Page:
2.0 REVIEW OF RELATED LITERATURE
2.1 COCEPTUAL FRAMEWORK
2.1.1 CONCEPT OF SERVICE AND SERVICE INNOVATION
Traditionally services are described as elements which cannot be touched; intangible. Due to their intangible character a service cannot be viewed as an object and in that sence are not reproducible. A service is viewed as an activity or process and no transfer of ownership takes place. Furthermore, service are interpreted as heterogeneous concepts, every service is unique and cannot completely be reproduced. Production and consumption of services takes place simultaneously in co-operation with the customers, it is hardly possible to separate these elements or produce them in advance and store them until they are requested (Gronroos, 2000). Recently however, scholars start to question the unique characteristics of service (Lovelock, 2004). For example, it is possible to store service request handled at automated helpdesks. Times have changed and due to the use of new techniques and ICT applications, new service options occur. Since the debate is still ongoing it is not explicitly included in this report.
A service innovation is a new service or such a renewal of an existing service which is put into practice and which provides benefit to the organization that has developed it; the benefit usually derives from the added value that the renewal provides to the customers. In addition, to be an innovation the renewal must be new not only to its developer, but in a broader context, and it must involve some element that can be repeated in new situations, i.e. it must show some generisable features(s). A service innovation process is the process through which the renewals described are achieved (Toivonen & Tuominen, Emergence of Innovations in Services: Theoretical discussion and two case studies, 2006)
2.1.2 TYPES OF INNOVATION
This section defines the innovation types of service firms; although it might be interesting to define outcome characteristics like technological – non-technological, esthetical – non esthetical. We prefer to make use of a broader angle, and during this section we follow the ideas of the Community Innovation Survey (2008), Tidd & Bessant (2009) Flikkema, Kwakman, Spaargaren en Vos (2010) who focus mainly on the forms and aspects of service innovation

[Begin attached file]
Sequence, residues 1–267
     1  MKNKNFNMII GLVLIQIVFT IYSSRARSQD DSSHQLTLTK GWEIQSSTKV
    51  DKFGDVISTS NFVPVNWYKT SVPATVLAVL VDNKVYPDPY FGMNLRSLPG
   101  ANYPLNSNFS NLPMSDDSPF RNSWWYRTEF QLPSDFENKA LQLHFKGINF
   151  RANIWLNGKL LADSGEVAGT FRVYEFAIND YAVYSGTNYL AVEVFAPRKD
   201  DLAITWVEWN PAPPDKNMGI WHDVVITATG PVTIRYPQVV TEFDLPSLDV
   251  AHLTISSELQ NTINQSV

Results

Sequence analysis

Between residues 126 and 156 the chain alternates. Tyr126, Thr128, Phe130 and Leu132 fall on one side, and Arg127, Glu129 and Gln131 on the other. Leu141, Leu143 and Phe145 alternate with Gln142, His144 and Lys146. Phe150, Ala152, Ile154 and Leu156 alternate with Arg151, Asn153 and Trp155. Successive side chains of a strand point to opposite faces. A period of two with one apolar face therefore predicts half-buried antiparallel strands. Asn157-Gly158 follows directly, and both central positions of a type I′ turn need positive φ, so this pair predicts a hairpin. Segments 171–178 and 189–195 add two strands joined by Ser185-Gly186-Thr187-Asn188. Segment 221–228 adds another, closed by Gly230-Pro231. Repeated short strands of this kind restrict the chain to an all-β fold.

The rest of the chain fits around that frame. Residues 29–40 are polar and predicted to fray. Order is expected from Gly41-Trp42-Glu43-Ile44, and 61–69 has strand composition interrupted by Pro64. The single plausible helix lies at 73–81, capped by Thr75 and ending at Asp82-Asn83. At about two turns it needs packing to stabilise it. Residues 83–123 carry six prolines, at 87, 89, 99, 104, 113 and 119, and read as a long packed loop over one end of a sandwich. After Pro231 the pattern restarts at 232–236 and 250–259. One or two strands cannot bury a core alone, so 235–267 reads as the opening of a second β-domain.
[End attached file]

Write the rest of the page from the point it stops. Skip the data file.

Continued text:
188.8.131.52 Various forms of service innovation
Different authors address possible types of service innovation (e.g., Sunbo & Galouj, 2000; Preissl, 2000; Damanpour, Walker & Avellaneda, 2009). Traditionally, we can distinguish three main forms of service innovation (Tidd & Bessant, 2009; Flikkema, Kwakman, Spaargaren & Vos, 2010), process innovation, product innovation and organizational innovation. During this section we prefer to highlight the innovation types of the Community Innovation Survey (2006-2008) which is a highly valuable and recognized innovation monitor. The Community Innovation Survey incorporates these three innovation types as well, although some adjustments are needed. First, it is very hard for service firms to clearly differentiate between process innovations and organizational innovations (Preissl, 2000), because these two types of innovation are directly related to each other. Rearrangement of the workforce for example automatically results in a different way of operating. Secondly, the CIS incorporates both service and product innovations in the term product innovation. We prefer to highlight the differences between products and services and provide them with a unique service innovation definition. Finally, the CIS incorporates environmental innovation, due to an increasing interest for social responsible entrepreneurship. Nevertheless, it might be difficult for service firms to differentiate between environmental and process or marketing innovations.
A process innovation is the implementation of a new or significantly improved production process, distribution method, or support activity for goods or services. Process innovations must be new to your enterprise, but they do not need to be new to your market. The innovation could have been originally developed by your enterprise or by other enterprises” (CIS 2008).
A product innovation is the market introduction of a new or significantly improved good or service with respect to its capabilities, user friendliness, components or sub-systems. Product innovations (new or improved) must be new to your enterprise, but they do not need to be new to your market. Product innovations could have been originally developed by your enterprise or by other enterprises” (CIS 2008).
A recombinatorial innovation is the commercialization of a new composition of services or products and services, that previously did not existed on the market in which the firm operates”( Flikkema et al. 2010).
A marketing innovation is the implementation of a new marketing concept or strategy that differs significantly from your enterprise’s existing marketing methods and which has not been used before. It requires significant changes in product design or packaging, product placement, product promotion or pricing. Exclude Seasonal, regular and other routine changes” (CIS 2008).
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